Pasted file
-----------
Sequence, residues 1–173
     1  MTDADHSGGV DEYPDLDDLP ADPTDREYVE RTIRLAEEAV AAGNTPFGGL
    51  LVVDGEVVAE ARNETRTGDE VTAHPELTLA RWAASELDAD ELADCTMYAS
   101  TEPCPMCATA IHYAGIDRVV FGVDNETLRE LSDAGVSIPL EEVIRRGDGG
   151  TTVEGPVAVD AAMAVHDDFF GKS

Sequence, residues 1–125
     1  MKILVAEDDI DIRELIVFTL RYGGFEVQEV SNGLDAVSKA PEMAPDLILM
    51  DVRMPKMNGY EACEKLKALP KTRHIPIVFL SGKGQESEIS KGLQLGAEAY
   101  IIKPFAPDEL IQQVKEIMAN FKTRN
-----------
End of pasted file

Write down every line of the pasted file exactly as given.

Sequence, residues 1–173
     1  MTDADHSGGV DEYPDLDDLP ADPTDREYVE RTIRLAEEAV AAGNTPFGGL
    51  LVVDGEVVAE ARNETRTGDE VTAHPELTLA RWAASELDAD ELADCTMYAS
   101  TEPCPMCATA IHYAGIDRVV FGVDNETLRE LSDAGVSIPL EEVIRRGDGG
   151  TTVEGPVAVD AAMAVHDDFF GKS

Sequence, residues 1–125
     1  MKILVAEDDI DIRELIVFTL RYGGFEVQEV SNGLDAVSKA PEMAPDLILM
    51  DVRMPKMNGY EACEKLKALP KTRHIPIVFL SGKGQESEIS KGLQLGAEAY
   101  IIKPFAPDEL IQQVKEIMAN FKTRN